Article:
Having ploughed our best field in February, the time came to test the soil and find out what the next steps would be.
As predicted, the results from the laboratory have just come back to show that the ground is pretty sour and poor. pH readings are around 5.5, and turnips require significantly less acidic conditions if they are going to prosper. I have been prescribed a course of ground lime, granular lime and Boronated fertiliser, all of which begin to run up a considerable bill – and that is before I have even settled on a dizzying variety of turnip or swede seeds.
Of course I find myself quailing from this investment – every penny counts when it’s being pared directly out of your pocket – but the die is cast and there is no going back. I would like to sidestep artificial fertiliser on environmental grounds, but I think it is unavoidable in this first year and I can work along more organic principles in the future.
In the meantime, I have found a real joy in the ever-changing nature of this ploughed field. The soil varies in colour almost hourly, moving from a dull, frowning black to light pastel shades of caramel and grape. Textures and tones are always changing, and this flux is a pleasing reflection of the soil’s very essence – the living, dynamic medium of life itself.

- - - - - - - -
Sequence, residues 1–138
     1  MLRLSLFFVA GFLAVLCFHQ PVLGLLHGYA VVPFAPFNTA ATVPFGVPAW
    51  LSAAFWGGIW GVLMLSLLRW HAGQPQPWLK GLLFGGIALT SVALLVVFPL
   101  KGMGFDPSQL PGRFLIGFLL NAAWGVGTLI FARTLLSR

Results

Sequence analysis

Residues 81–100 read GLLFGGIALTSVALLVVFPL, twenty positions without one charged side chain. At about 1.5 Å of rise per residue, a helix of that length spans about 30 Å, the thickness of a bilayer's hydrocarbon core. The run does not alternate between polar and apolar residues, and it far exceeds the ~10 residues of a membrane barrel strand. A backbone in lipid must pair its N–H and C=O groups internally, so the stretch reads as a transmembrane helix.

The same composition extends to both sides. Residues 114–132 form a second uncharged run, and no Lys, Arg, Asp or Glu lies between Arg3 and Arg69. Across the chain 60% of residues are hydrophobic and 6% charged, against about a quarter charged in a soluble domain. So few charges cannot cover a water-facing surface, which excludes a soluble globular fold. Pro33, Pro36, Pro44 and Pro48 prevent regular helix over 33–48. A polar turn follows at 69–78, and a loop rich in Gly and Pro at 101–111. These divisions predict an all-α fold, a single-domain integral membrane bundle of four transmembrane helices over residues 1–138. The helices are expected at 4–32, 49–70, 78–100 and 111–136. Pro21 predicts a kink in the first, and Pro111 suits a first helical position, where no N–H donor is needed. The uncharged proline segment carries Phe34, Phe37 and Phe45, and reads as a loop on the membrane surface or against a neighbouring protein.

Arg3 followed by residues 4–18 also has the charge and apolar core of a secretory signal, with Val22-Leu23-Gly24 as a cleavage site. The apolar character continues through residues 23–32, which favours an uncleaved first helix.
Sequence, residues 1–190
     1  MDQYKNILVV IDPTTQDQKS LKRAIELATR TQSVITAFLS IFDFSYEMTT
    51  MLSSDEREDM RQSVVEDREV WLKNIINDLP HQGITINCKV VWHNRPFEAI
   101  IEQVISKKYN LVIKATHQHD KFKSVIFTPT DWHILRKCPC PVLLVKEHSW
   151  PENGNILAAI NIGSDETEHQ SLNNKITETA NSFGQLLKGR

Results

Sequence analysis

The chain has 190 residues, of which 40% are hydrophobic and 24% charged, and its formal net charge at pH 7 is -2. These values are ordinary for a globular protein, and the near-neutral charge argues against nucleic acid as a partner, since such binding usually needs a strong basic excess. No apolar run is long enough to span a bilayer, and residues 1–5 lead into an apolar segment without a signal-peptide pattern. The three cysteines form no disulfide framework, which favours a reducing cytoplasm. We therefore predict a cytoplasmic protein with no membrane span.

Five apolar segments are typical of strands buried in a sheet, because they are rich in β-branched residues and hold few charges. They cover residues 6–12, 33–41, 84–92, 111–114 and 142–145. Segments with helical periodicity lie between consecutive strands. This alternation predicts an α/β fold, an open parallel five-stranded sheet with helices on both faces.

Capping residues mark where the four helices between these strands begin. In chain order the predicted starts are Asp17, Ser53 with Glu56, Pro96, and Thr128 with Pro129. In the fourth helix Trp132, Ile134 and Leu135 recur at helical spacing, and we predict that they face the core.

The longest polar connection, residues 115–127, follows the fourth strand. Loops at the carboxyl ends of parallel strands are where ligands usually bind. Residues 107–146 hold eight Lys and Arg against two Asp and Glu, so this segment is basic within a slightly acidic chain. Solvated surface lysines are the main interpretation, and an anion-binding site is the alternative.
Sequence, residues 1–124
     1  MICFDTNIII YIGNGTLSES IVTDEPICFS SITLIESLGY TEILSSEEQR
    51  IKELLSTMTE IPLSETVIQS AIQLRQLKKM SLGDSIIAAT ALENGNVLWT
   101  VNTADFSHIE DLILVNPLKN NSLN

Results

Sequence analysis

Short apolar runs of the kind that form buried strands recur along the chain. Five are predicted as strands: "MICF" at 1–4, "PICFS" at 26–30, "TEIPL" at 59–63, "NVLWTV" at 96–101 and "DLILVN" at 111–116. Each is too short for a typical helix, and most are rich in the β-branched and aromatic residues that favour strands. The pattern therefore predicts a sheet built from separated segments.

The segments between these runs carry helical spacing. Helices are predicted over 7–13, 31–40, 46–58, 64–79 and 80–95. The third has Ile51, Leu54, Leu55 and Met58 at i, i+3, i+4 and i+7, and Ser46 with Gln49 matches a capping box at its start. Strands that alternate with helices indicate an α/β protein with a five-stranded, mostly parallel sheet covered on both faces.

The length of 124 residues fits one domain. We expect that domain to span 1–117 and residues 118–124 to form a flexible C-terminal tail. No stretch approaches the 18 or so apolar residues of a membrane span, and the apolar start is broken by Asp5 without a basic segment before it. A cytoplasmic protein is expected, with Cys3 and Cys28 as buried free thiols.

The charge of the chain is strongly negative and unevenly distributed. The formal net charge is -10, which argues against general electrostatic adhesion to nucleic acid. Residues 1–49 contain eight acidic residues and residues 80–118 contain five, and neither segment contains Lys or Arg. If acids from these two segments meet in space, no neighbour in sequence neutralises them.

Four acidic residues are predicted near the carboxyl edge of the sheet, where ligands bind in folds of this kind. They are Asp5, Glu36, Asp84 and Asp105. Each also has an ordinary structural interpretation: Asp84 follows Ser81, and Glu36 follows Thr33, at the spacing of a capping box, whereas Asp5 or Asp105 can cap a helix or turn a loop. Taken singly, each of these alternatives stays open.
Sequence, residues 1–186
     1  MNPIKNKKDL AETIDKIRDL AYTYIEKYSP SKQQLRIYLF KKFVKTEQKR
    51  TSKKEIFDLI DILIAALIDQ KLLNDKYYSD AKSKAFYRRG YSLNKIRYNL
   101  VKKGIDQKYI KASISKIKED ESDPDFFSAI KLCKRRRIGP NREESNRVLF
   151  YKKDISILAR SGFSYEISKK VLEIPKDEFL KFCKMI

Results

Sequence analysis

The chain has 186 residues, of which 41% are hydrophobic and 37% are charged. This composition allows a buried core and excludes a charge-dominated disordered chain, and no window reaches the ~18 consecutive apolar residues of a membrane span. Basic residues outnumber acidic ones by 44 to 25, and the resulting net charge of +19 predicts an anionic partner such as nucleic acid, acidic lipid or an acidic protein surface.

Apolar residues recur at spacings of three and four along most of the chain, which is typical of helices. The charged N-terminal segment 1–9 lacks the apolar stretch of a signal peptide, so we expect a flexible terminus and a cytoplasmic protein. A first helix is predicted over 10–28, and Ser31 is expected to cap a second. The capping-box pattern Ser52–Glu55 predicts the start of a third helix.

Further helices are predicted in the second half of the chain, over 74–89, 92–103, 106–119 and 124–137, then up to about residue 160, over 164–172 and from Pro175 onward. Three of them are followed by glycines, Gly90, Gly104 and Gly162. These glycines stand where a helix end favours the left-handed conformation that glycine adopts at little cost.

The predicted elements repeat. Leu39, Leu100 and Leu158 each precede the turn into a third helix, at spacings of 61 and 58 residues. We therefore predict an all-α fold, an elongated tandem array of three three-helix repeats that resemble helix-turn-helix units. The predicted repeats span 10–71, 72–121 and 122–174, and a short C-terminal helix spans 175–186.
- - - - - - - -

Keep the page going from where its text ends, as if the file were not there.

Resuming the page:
As always, I am balancing the viability of producing a decent agricultural crop against working sustainably for wildlife. There’s no point dragging my heels or moaning about cost – if I wanted a cheap hobby I should have made different decisions years ago. If anything, I am more fixated and determined than I have ever been.